Drone Applications in Construction

In this project, we explored the incorporation of UAVs in the construction industry. In this investigation we found two uses that can improve safety and optimize construction work. Our analysis was twofold: using drones to identify and classify pavement marking defects and optimizing the concrete delivery path through UAV data and simulation modeling.

Our Team

The members of this project put forth effort, passion, and dedication to uncovering innovations in the field of construction, and are highlighted below:

Robert Sprotte

Student researcher

Robert is a 4th year Civil Engineering student concentrating in Construction. He spent this past summer working on this SURP project and as a field engineer intern on a construction site and hopes to begin a career in construction after graduation.   

Andrea Leal

Student Researcher

Andrea is a 4th year Civil Engineering student with an interest in Construction and Project Management.  

Hani Alzraiee


Hani is an Assistant Professor in the Department of Civil and Environmental Engineering as well as Co-Director of the Granite Heavy Civil Minor.


We would like to extend our thanks to the SURP Program, Cal Poly College of Engineering, and Cal Poly Department of Civil and Environmental Engineering for providing us with this opportunity to research an innovative field in the construction industry. 

Project Summary and Reflection

Drone Applications in Construction


In this project, we identified an opportunity to explore the incorporation of Unmanned Aerial Vehicles (UAVs) in the construction industry. In this investigation, we identified various applications for UAVs in construction and selected two potential drone uses that can improve worker safety and optimize construction work as our focus. Our analysis was twofold: using drones to identify and classify pavement marking defects with machine learning techniques and optimizing the concrete delivery path through UAV data and simulation modeling.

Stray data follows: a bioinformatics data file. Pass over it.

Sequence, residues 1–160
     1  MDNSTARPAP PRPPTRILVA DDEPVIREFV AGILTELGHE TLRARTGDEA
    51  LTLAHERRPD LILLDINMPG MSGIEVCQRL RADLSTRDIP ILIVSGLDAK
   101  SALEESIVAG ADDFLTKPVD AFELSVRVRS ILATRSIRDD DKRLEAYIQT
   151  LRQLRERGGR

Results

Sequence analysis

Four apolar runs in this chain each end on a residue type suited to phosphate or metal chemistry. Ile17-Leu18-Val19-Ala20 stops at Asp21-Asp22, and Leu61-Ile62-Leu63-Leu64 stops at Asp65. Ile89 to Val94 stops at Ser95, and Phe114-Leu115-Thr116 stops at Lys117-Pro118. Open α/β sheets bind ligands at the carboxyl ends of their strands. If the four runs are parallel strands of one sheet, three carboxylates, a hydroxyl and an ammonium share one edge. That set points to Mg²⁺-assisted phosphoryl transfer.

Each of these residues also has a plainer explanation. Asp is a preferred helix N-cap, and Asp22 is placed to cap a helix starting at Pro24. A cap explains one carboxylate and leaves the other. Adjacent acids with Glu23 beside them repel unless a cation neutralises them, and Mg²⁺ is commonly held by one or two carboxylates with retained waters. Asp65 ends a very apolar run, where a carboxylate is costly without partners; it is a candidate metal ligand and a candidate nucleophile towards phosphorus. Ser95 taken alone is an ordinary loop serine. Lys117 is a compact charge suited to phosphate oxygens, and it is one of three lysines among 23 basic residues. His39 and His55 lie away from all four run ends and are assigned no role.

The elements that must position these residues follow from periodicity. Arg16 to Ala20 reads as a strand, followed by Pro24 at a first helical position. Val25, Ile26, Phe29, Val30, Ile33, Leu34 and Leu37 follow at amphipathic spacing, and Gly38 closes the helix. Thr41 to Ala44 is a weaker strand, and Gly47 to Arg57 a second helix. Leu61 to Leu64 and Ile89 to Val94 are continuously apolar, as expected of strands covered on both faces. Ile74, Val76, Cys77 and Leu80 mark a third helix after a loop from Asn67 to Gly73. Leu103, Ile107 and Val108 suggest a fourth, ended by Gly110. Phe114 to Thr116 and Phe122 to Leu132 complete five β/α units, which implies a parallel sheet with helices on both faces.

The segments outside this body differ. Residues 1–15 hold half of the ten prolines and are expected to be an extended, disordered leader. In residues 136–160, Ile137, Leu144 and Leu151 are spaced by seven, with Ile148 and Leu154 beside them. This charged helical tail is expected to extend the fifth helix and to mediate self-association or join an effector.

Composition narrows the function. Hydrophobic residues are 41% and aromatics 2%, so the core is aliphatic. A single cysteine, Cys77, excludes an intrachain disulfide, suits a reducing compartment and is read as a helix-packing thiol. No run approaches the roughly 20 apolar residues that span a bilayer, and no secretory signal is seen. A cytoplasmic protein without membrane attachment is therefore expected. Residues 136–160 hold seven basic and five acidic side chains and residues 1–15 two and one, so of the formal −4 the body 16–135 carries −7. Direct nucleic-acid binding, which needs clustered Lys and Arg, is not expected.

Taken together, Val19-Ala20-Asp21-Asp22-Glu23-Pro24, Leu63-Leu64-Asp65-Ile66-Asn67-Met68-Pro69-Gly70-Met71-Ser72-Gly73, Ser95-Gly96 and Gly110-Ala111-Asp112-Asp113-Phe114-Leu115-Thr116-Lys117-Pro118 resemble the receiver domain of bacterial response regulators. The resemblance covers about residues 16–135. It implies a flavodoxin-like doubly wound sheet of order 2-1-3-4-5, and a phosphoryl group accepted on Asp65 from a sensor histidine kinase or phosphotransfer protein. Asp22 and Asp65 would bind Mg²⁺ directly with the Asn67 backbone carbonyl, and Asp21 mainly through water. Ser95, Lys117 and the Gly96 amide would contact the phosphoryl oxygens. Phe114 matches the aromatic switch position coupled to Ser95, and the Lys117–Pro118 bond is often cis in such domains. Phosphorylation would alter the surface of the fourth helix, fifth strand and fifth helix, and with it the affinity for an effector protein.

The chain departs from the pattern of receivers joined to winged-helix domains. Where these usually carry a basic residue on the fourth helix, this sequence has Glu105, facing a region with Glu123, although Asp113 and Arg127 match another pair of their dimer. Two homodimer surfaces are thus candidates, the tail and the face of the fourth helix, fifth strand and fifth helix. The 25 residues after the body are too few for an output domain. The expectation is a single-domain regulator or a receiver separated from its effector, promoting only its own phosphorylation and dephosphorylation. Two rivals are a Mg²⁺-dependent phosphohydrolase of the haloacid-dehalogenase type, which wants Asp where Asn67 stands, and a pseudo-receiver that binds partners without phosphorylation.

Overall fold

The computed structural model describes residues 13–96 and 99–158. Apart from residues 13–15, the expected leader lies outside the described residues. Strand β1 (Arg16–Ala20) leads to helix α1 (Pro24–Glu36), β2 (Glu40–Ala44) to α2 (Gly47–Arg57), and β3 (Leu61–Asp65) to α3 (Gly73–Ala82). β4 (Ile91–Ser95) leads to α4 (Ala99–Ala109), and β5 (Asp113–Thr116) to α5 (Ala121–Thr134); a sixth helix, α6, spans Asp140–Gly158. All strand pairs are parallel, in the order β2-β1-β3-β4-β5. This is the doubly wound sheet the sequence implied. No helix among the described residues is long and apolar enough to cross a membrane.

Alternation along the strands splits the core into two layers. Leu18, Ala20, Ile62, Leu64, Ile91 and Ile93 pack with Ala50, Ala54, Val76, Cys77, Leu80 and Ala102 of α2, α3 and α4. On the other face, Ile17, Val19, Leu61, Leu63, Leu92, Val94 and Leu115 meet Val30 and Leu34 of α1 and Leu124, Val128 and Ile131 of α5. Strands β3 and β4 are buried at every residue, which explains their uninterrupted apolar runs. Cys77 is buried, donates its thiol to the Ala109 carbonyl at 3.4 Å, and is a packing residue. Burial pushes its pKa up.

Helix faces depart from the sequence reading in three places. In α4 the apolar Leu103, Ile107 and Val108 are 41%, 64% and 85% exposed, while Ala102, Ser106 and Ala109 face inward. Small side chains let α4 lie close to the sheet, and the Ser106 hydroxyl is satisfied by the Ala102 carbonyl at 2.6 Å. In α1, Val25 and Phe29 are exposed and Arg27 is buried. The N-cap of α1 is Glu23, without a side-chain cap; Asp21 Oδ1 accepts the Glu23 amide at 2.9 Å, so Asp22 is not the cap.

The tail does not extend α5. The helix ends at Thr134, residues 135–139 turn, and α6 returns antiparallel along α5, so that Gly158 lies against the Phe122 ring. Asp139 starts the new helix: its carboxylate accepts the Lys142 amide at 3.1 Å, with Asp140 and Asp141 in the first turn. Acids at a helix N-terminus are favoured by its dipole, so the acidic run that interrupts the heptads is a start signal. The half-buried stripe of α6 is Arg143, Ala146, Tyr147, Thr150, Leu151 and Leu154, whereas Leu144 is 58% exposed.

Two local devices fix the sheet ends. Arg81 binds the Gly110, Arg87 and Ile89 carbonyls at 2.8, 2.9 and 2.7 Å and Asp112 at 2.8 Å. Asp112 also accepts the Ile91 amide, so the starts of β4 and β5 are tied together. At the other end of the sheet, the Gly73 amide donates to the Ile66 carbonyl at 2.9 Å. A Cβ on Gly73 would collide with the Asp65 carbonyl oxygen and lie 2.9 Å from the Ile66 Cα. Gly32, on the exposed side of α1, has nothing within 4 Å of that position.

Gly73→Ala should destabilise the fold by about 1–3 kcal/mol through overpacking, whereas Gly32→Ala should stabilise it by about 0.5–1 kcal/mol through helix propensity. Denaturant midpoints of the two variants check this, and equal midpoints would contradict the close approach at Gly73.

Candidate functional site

Pavement Marking
Defect Identification

Literature and Limitations

Road agencies rely on traditional methods for inspection. These are highly subjective and expose workers to the hazards of traffic. The goal of this section is to create a framework for using drones to capture data aided by machine learning to create an automated pavement marking defect identifier tool.  This research was limited to using Google Satellite Images to simulate data collected by a drone.


Fig: 1 Methodology Flowchart

The four steps in the methodology are (1) data collection,  (2) image analysis and multi-level classification, (3) R-CNN model development, and (4) model testing.

Machine Learning

Fig 2: Tensorboard Momentum Graph 

A Python-based, R-CNN model was developed using Google’s Tensorflow package for object detection. This model was modified from the original settings of a pretrained model. The layers were modified so the model could be tailored to detecting pavement marking data. The predefined model weights are also adjusted and optimized specifically for the pavement marking images Three iterations were made, each with increased data from satellite, Google images, to optimize the model to correctly detect pavement marking defects. The model was trained to detect 8 classes of pavement marking defects.


Fig. 3 CA-1 Original Image
Fig 5. CA-1 Processed Image
Fig. 4 US-101 Original Image
Fig 6. US-101 Processed Image

The last iteration of the model was given 540 training images and 60 test images. It was run for 46194 epochs for 16 hours. The model processed original shots of road segments (see Fig.1 and Fig. 2) and output images with predictions on feature detection (see Fig. 3 and Fig. 4). The  results yielded 50 to 80 percent confidence levels in feature detection. The mean average precision (mAP) of the small, medium, and large features were 0.033, 0.064,  and 0.025, respectively. More data, better model configurations, and increased training time will help increase these values and ultimately help model performance. 

Optimizing Concrete Delivery

Literature and Limitations​